From the whalers who played ball on Herschel Island in the late 1800s, to the kids learning to hit and catch at the Pepsi Softball Centre each summer, Yukon’s softball history is packed with interesting stories.
The sport came north in the 1890s, as a pastime for American whalers who spent their winters on Herschel Island. Then, in 1897, the Klondike Gold Rush brought thousands of stampeders to the territory, and they brought baseball to Dawson City and Whitehorse. By 1904, baseball was so popular in the Yukon that a two-game international championship was played and won
by Whitehorse over the Alaskan town of Skagway.
As mineral strikes in other parts of the territory, such as Mayo, brought new immigrants north, baseball and softball became common pastimes throughout the Yukon. The games were community events where neighbours met for friendly competitions and families came out to cheer on the teams.
In the 1940s, hundreds of U.S. military personnel were stationed in Whitehorse during the Second World War, and the community invited them to field teams and engage in friendly competition on Yukon’s ball fields. As the city’s population declined in the 1950s and ‘60s, fastpitch continued to be popular with active women’s and men’s leagues. In the 1980s and ‘90s Yukoners held territorial championships and began fielding teams for western Canadian and national fastpitch competitions. By the 1990s, fewer people were playing fastpitch and slowpitch grew in popularity.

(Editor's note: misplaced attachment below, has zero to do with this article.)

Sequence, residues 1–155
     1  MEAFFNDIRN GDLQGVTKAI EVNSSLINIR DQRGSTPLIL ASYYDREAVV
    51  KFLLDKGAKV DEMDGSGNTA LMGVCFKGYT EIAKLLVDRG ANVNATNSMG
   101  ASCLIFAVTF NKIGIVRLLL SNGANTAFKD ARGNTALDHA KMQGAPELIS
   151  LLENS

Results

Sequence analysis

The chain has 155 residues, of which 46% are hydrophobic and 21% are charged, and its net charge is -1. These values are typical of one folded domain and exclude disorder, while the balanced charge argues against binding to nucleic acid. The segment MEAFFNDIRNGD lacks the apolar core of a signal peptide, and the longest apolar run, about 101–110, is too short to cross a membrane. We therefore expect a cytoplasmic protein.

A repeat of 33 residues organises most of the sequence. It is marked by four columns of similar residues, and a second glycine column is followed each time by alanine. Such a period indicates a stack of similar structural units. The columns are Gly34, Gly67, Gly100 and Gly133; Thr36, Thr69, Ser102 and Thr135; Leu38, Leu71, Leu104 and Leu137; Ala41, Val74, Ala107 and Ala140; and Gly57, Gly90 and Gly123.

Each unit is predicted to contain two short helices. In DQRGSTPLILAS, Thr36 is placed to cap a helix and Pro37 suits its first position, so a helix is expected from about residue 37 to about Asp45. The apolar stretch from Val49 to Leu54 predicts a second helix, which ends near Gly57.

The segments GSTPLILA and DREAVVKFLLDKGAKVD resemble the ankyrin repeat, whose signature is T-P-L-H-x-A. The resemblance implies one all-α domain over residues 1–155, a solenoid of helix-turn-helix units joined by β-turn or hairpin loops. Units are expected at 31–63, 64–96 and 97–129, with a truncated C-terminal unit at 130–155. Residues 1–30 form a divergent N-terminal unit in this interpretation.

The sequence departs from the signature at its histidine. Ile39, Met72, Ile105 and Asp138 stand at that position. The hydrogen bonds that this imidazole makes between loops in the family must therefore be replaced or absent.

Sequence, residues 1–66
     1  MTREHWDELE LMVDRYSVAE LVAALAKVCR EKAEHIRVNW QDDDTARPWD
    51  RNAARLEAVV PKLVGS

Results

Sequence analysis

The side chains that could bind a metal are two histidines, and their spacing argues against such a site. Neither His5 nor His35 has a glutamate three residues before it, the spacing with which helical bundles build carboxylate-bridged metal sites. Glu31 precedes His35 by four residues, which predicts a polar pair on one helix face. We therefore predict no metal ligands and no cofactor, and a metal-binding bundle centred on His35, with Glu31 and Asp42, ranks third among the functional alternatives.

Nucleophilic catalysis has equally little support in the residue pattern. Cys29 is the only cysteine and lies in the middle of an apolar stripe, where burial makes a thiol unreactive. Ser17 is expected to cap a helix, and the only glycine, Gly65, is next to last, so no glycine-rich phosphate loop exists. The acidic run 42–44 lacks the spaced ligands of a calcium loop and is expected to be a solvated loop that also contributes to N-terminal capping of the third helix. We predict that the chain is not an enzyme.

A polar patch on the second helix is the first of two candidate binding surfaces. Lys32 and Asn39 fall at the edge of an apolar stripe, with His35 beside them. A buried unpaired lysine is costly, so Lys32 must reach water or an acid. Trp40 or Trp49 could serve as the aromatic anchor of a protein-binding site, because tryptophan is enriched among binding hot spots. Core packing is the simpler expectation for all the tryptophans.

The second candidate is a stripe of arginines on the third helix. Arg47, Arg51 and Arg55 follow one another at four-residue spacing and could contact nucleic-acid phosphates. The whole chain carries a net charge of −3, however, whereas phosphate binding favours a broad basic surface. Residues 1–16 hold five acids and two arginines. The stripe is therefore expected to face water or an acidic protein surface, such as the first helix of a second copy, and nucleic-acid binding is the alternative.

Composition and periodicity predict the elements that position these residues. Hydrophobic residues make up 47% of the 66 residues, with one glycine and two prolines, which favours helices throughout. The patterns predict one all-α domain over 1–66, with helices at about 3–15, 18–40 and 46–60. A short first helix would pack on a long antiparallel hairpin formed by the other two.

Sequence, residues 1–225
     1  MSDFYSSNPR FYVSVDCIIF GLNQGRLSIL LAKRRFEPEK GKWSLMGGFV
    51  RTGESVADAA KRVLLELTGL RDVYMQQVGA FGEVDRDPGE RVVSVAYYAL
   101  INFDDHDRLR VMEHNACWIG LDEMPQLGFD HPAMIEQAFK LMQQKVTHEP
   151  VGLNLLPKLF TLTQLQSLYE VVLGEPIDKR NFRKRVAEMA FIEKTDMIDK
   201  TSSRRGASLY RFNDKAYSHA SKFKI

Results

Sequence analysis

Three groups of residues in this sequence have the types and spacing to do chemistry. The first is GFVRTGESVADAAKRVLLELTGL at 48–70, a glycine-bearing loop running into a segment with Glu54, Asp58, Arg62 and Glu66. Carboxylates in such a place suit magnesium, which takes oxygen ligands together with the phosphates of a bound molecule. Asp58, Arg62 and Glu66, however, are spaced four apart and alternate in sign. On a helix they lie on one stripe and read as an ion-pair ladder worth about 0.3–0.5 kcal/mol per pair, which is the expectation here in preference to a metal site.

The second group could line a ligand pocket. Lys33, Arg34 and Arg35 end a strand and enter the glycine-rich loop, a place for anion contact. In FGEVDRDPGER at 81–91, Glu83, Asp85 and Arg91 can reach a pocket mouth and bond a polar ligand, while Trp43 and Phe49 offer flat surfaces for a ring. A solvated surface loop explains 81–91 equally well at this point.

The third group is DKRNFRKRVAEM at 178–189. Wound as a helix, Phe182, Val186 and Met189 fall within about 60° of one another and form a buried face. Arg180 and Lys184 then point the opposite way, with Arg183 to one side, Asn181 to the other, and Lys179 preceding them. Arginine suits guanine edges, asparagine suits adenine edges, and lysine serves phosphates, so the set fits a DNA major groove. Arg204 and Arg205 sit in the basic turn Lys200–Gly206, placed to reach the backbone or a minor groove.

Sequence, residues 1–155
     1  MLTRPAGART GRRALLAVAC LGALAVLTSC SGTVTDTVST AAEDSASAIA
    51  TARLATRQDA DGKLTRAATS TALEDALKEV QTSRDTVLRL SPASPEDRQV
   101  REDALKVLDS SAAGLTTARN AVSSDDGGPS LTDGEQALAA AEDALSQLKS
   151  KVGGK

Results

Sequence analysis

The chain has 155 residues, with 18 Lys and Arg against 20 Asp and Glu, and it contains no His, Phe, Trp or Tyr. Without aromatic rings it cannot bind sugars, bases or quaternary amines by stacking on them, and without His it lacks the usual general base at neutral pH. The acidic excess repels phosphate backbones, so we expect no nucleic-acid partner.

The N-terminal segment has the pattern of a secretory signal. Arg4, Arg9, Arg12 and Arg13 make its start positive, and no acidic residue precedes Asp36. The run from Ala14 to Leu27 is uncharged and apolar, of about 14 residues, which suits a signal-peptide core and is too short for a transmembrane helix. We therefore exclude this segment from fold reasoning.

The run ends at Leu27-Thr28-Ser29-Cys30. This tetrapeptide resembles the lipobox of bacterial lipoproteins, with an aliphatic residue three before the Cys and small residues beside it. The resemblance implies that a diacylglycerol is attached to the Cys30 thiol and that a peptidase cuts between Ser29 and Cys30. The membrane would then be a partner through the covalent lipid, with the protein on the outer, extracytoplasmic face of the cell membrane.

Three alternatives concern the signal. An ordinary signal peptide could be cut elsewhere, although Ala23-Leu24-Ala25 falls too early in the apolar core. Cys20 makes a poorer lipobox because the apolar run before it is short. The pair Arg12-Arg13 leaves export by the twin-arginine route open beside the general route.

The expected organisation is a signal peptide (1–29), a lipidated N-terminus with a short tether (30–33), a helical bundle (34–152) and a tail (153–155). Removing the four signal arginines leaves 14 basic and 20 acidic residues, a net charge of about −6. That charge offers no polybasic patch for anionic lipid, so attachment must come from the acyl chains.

Today, the tradition continues. More than 1,200 Yukoners of all ages play softball and the sport
continues to grow. Each summer there are softball tournaments throughout the Yukon, and many locals still travel to Skagway, Alaska each July for an international matchup.
Over the years the Pepsi Softball Centre has grown into a world-class softball facility that draws international competitions to Whitehorse.
This website was created by Softball Yukon and the MacBride Museum of Yukon History to celebrate more than 110 years of base hits and home runs in the territory. It features photographs and stories from Yukon’s softball history. If you have information, images or stories to add, please contact Softball Yukon at firstname.lastname@example.org
There is also a complementary exhibit at the Pepsi Softball Centre in Whitehorse, Yukon. Here are some images of the exhibit:
Click on the links below to explore this site:
Stories in Yukon’s Softball History
- 1897: A pastime for whalers off of Yukon’s north coast
- The early 1900s: Klondike Gold Rush Stampeders Bring Ball North
- 1904: Indoor Baseball Comes to the Yukon
- 1910-1920s: Ball is Big in Whitehorse
- 1930s-1940s: Competition in the Klondike
- John Erickson’s Softball Story
- Ball in Mayo
- Pierre Berton Plays Ball
- 1940s – The Military Moves in
- 1940-1960s: Ralph Lortie’s Baseball Days
- Fastball in Whitehorse, 1940s-1950s
- The Hilltops
- Angie Richardson’s Softball Story
- 1951: Rusty Reid’s Softball Story
- 1970-1990s: Linda Dixon’s story of the Whitehorse Women’s Fastpitch League
- 1960s-1970s: Men’s Fastpitch in the Yukon
- 1960s-1980s: Women’s Fastpitch
- Chuck Rear’s Softball Story
- Softball Yukon is formed, 1974
- 1980s: Softball Thrives in the Yukon
- Whitehorse Team Flies in George White for the Win!
- The Takhini Softball Complex Opens
- Dustball Draws Hundreds
- 1980s: Yukon Teams Go National
- Russ Smoler’s Softball Story
- 1990s: Yukon’s Teams Compete Outside
- 1990s-2000s: A Sport for All Ages
- George Arcand is Recognized as a Builder of Yukon Softball
- 2000s: Yukon Hosts the World
- 2000s: More than 1,200 people play slowpitch in the Yukon
- Softball Yukon’s Hall of Fame
- Thank you!